OA Treatment Interferes with the Association of BRCA1 and γ-Tubulin with Mitotic Centrosomes.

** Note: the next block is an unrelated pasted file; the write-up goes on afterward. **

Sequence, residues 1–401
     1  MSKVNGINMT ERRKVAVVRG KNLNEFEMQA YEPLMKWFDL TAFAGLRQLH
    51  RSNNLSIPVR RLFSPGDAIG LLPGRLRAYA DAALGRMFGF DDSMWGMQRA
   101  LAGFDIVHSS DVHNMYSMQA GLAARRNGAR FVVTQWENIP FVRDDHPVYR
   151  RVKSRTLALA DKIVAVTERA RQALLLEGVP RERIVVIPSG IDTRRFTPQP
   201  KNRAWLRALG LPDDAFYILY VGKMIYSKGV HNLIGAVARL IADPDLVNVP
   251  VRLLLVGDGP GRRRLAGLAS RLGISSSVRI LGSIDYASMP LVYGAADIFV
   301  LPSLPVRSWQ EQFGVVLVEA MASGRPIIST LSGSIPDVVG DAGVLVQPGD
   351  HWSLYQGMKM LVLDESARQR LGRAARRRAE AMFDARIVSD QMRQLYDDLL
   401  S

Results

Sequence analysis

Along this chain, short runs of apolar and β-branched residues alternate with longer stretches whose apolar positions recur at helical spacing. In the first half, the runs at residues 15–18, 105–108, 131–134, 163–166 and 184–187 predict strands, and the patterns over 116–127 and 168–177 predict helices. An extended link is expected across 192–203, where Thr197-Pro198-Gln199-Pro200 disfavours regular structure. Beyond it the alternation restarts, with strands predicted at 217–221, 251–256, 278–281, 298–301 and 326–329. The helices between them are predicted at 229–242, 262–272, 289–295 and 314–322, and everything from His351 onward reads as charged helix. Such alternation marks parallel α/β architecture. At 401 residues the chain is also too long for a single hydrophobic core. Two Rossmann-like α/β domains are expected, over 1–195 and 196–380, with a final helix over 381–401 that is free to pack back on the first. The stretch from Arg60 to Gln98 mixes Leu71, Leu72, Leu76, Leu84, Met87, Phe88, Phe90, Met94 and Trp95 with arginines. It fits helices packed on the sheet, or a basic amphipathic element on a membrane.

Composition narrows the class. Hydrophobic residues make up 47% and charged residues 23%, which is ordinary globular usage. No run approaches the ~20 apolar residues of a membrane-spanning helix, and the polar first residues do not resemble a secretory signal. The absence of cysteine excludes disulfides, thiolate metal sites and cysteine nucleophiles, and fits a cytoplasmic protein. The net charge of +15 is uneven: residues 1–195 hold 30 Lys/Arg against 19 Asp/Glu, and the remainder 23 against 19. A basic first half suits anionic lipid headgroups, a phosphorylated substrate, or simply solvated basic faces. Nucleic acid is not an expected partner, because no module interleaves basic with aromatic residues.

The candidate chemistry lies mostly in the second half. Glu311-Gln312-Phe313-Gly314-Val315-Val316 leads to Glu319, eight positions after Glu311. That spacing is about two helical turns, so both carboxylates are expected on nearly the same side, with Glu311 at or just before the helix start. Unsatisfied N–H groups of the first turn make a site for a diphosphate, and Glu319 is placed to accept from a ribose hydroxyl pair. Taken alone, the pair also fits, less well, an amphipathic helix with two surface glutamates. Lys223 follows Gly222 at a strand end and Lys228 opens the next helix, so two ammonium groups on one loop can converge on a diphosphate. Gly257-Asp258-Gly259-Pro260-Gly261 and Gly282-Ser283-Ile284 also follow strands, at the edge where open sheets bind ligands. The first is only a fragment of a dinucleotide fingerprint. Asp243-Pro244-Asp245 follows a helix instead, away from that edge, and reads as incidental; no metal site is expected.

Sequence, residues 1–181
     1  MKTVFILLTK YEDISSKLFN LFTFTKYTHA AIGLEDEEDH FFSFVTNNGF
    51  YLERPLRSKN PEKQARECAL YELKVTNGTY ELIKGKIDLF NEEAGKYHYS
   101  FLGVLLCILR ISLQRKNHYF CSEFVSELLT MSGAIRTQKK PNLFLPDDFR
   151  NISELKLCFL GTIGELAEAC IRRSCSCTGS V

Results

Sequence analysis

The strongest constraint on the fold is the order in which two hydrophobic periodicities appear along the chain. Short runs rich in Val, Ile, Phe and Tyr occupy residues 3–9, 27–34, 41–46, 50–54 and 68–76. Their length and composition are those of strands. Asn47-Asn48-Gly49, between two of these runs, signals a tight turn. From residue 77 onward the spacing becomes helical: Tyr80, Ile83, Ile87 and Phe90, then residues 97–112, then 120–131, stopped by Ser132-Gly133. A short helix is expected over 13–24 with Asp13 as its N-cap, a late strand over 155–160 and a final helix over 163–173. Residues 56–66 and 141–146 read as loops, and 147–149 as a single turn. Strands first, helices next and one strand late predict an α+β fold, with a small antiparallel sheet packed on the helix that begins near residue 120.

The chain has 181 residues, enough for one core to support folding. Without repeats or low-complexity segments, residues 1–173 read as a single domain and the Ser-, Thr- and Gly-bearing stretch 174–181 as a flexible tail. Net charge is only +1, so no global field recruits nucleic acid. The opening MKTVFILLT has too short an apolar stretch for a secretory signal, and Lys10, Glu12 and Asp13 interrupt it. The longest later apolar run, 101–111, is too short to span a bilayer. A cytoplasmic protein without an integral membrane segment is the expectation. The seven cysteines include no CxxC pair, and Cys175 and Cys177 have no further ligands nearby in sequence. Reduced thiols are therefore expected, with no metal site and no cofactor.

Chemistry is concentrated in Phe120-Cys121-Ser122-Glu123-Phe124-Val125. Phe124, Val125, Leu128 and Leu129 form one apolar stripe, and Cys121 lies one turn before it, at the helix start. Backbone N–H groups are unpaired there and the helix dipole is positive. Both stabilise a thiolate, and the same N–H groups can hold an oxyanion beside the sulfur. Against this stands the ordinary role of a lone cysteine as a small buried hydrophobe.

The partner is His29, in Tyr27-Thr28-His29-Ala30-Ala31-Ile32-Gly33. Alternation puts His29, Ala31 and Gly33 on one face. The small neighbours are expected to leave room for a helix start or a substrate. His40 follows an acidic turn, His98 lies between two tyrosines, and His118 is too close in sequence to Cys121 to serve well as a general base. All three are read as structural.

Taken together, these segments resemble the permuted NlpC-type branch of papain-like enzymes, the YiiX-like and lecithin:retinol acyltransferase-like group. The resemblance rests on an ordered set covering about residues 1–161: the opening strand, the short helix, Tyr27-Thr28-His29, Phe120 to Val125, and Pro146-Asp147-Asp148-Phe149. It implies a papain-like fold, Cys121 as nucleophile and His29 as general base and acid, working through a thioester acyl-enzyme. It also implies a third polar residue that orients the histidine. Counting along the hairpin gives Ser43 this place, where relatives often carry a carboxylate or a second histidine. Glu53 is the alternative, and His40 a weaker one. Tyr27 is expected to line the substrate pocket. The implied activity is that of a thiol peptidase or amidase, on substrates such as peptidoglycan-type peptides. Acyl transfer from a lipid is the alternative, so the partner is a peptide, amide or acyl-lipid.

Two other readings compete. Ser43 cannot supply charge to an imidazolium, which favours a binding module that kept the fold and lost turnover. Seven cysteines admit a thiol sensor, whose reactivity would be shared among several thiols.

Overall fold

The expression and phosphorylation of BRCA1 protein is cell-cycle regulated. BRCA1 becomes hyperphosphorylated after DNA damage and may play a role in DNA repair (1, 2, 3). γ-Tubulin interacts preferentially with hypophosphorylated BRCA1 at mitotic centrosomes (5). To further investigate the connection between the phosphorylation state of BRCA1 and its function, we tested whether OA, an inhibitor of PP1 and PP2A, interfered with the association of BRCA1 with mitotic centrosomes. PP assay indicated that OA in the range of 2–200 nm inhibited PP2A or PP2A-like activity, and might also inhibit PP1 at high dose, although to a lesser extent (Fig. 4,A). As shown in Fig. 4,B, with the increase of OA from 20 to 200 nm, the mobility of BRCA1 became slower, an indication of hyperphosphorylation. A dramatic decrease of BRCA1 protein levels was observed at 100–200 nm OA, whereas γ-tubulin levels showed only a slight decrease that might be attributable to loading variations (Fig. 4,B), which indicated that treatment with high doses of OA leads to a loss of BRCA1 but not to a general loss of protein. Immunofluorescence staining showed that OA treatment induced a decrease of both BRCA1 and γ-tubulin at mitotic centrosomes at concentrations ≥20 nm (Fig. 4,C) and an accumulation of multipolar mitotic cells as reported previously (Ref. 17; Fig. 4,D). OA impacts many proteins that are involved with the mitotic spindle and induces aberrant mitotic cells. Interestingly, 20 nm OA was the starting concentration that induced hyperphosphorylation of BRCA1 (Fig. 4,B), a decrease of both BRCA1 and γ-tubulin associated with mitotic centrosomes (Fig. 4,C), and accumulation of abnormal mitotic cells with multipolar spindles (Fig. 4,D). OA inhibited the dephosphorylation of BRCA1 protein, which resulted in an accumulation of the hyperphosphorylated isoform and reduced the association of BRCA1 and γ-tubulin with mitotic centrosomes, and thus may have contributed to the induction of abnormal mitotic cells. This is consistent with the results shown above that overexpression of BF3 interfered with the interaction of BRCA1 and γ-tubulin (Fig. 2 B).